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It Took 17,000 Photos to Make This Time-lapse Video

screenshot from jess dunlap's time-lapse video

Included in this video are some photos from Lake Tahoe, June Lake, Simi Valley, Yosemite, Convict Lake, Owens Valley and Mono Lake.

I’ve come across so many new time-lapse videos lately, but only a select few have really stunned me into silence. This is one of them.

Monolation is a time-lapse video created by Jess Dunlap. She is the director and photographer who, with thousands of photos, was able to come up with such a beautiful and awe-inspiring video. I’ve only just begun experimenting with time-lapses, so seeing this video from a beginner’s perspective is quite a treat.

If you’re wondering how many shots it took to compose such a video, the answer is 17, 000.

She spent all of 2012 working on this video, but all it came down to was 4 minutes. That’s the part I hate most about time-lapses—they can be so tedious. Fortunately, there are people like Dunlap who are kind enough to share their masterpieces with the world.

She used both a Sigma 10-20mm and a Tokina 11-16mm f/2.8 to capture these landscapes. I think the camera movements were very smooth and flawless, which made the whole video all the more enjoyable to watch. When executed correctly, time-lapse videos can have such a strong impact on the viewer so it’s refreshing to come across someone who really knows what she is doing. It can be disappointing when the location is absolutely stunning, but the camera movements do not deliver. That definitely wasn’t the case here.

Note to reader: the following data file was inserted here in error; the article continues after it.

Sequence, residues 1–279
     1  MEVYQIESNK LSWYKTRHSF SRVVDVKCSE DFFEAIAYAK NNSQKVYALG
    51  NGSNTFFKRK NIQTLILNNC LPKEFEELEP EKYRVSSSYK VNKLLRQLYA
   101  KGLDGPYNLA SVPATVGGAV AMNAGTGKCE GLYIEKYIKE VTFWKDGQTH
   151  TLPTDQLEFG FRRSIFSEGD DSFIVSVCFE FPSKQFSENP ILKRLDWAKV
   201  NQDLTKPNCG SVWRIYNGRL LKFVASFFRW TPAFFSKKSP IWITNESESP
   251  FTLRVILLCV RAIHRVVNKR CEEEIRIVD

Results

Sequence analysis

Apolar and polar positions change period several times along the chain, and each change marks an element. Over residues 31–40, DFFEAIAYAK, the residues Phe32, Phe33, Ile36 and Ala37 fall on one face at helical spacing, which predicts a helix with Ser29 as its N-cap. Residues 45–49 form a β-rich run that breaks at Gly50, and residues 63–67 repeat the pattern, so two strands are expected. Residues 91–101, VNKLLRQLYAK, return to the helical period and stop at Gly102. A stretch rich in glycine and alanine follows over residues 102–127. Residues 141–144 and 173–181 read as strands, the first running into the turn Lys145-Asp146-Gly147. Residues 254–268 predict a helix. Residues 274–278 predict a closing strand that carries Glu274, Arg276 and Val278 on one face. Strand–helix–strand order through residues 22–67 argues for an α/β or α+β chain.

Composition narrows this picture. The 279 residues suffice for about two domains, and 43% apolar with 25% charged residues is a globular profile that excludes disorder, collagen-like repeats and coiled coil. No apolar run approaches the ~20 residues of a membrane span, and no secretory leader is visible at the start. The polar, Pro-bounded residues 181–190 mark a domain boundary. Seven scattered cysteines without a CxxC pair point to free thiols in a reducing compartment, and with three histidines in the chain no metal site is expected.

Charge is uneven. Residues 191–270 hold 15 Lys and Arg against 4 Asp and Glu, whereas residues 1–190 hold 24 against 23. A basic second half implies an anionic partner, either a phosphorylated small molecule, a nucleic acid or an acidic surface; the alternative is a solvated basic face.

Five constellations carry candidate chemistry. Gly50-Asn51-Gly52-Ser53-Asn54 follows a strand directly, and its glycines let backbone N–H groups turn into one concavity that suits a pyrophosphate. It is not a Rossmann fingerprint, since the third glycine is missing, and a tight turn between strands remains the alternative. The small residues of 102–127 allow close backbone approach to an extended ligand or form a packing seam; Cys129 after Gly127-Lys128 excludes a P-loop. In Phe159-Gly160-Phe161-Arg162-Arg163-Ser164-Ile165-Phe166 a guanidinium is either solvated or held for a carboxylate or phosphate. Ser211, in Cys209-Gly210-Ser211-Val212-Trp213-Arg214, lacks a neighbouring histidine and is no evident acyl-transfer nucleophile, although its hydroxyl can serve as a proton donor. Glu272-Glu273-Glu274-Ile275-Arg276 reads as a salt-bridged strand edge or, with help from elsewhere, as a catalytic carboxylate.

If you’re wondering how she achieved such wonderful angles, here are a few behind-the-scene shots of her rig:

photo of jess dunlap's setup

photo of jess dunlap's setup

If you’re looking for a good time-lapse video to use as an example, this is definitely one worth sharing with others. I don’t think it would be out of place next to some of the videos shown on BBC or National Geographic.

Dunlap’s list of past clients includes the MGM Grand, Ray-Ban, Nike and Cover Girl. See the rest of her portfolio here. Or you can also reach out to her through Twitter or Instagram.

She doesn’t specify exactly what rig she used, so feel free to make a guess in the comments below!

Patricia Ramos the author

I am a freelance photographer who is no stranger to smudged lenses, long hours in front of the computer, heavy camera bags (and the back aches that ensued) and missing lens caps. If you know what I'm talking about, you probably have as much love and passion for photography as I do.

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